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  1. claybe

    claybe Member

    Joined:
    Nov 13, 2008
    Messages:
    224
    Loc:
    Colorado
    On start up you want the cat to be "active" before you shut down the damper. I understand this. However, everyday I come home from work the stove is still producing heat and the cat is not "active". My question is: why do you have to wait until the cat is active to close the damper? Why can't you load it up, get the fire going, close the damper and let it rise to temp? Being new to the cat stove I guess I don't understand the physics behind the stove. It seems to me that if it can handle burning several hours in the non active temps with the damper shut, it could handle a few minutes of start up with it closed...I guess it has to do with difference in temps? Start up is hot and end of cycle is cool on the cat? If you start talking physics you will lose me... Please laymen terms!!!

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  2. rdust

    rdust Minister of Fire

    Joined:
    Feb 9, 2009
    Messages:
    3,795
    Loc:
    Michigan
    No physics involved in my answer. ;lol It's simply hard on the cat to not bring it up to light off temps before closing the bypass. Burning it with the bypass open will also allow some moisture to burn off before pushing it through the cat.
  3. WoodpileOCD

    WoodpileOCD Minister of Fire

    Joined:
    Jan 19, 2011
    Messages:
    659
    Loc:
    Central NC
    My understanding is that at startup you have a huge amount of smoke pouring off of the wood and if the cat is not hot enough to ignite it, you are going to gunk up your cat pretty bad which would then cover up the catalyst material in and on the ceramic honeycomb. Do this long enough and the cat won't light even when it does get up to temp. At the end of the bburn cycle there is very little smoke being produced so directing the gases through the cat shouldn't be a problem. I'm sure some of the more knowledgable and experienced cat burners will be along to add to or correct my explanation but that's as simple as I can put it. Good question though.
    ddddddden and fox9988 like this.
  4. Jon1270

    Jon1270 Minister of Fire

    Joined:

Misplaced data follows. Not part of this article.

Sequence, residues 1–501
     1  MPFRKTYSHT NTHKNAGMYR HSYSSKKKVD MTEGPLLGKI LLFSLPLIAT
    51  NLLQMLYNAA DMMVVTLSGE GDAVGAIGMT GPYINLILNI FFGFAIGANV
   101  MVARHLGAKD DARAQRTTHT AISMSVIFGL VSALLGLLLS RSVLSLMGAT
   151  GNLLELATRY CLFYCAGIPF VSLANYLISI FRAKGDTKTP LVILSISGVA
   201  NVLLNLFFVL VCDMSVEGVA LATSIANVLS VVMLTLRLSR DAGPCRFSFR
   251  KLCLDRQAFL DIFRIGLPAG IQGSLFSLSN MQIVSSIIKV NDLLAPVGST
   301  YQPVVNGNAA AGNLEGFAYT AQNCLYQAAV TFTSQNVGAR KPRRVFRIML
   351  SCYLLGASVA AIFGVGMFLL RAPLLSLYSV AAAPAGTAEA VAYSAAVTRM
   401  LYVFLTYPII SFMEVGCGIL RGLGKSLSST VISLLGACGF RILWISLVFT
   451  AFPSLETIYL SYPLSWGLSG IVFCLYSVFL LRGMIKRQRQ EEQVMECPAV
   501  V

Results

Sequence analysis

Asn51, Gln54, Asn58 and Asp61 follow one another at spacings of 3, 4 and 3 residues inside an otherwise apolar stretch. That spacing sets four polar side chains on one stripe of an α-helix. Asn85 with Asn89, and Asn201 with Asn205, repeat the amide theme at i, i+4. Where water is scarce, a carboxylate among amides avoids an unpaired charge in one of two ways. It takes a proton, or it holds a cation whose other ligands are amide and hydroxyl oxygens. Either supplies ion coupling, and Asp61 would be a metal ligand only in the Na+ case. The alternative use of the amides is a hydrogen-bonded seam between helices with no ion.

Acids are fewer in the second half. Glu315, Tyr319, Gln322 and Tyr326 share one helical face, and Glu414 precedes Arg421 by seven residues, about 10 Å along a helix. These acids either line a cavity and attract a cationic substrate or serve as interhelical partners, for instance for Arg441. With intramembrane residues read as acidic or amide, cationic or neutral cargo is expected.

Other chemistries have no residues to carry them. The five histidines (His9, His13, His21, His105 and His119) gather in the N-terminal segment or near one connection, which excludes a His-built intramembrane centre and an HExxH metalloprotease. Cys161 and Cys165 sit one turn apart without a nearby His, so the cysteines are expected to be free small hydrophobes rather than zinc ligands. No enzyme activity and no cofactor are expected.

Aug 25, 2012
    Messages:
    1,292
    Loc:
    Pittsburgh, PA
    I don't even have a cat stove, but I think Rusty basically has it. When you're down to coals and nonluminious (blue) flame, the combustion is already very clean and there's nothing for the cat to do, just as there's nothing for the secondaries to do in a non-cat stove. It's early in the burn cycle, when there's lots of smoke and bright flame, that combustion tends to be incomplete. Taking care of that is what the cat is for.
  5. mellow

    mellow Resident Stove Connoisseur

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    Jan 19, 2008
    Messages:
    3,055
    Loc:
    Salisbury, MD
    pen likes this.
  6. Machria

    Machria Minister of Fire

    Joined:
    Nov 6, 2012
    Messages:
    1,113
    Loc:
    Brookhaven, Long Island
    Exacttly. You can do it (close the bypass immediately that is), but you are shortening the life of your cat, that's all. In addition, if I am around during the very end of my burn when there is a very small coalbed left, and the stove top is down to 150..... I'll open the bypass for the same reason, to put less "stress" (for lack of a better word) on the CAT.
  7. mellow

    mellow Resident Stove Connoisseur

    Joined:
    Jan 19, 2008
    Messages:
    3,055
    Loc:
    Salisbury, MD
    IMHO opening the bypass to finish out the burn cycle is not needed, most of the particulate that the cat is going to reburn has already been out gassed, the coaling stage is really just heat.
    pen likes this.
  8. Machria

    Machria Minister of Fire

    Joined:
    Nov 6, 2012
    Messages:
    1,113
    Loc:
    Brookhaven, Long Island
    Probably, but it doesn't hurt it either. This isn't a habbit, just if I happen to be going to work, and I see the stove is at it's last hour or two, and I'm leaving and not re-loading, I'll turn it, no biggie.

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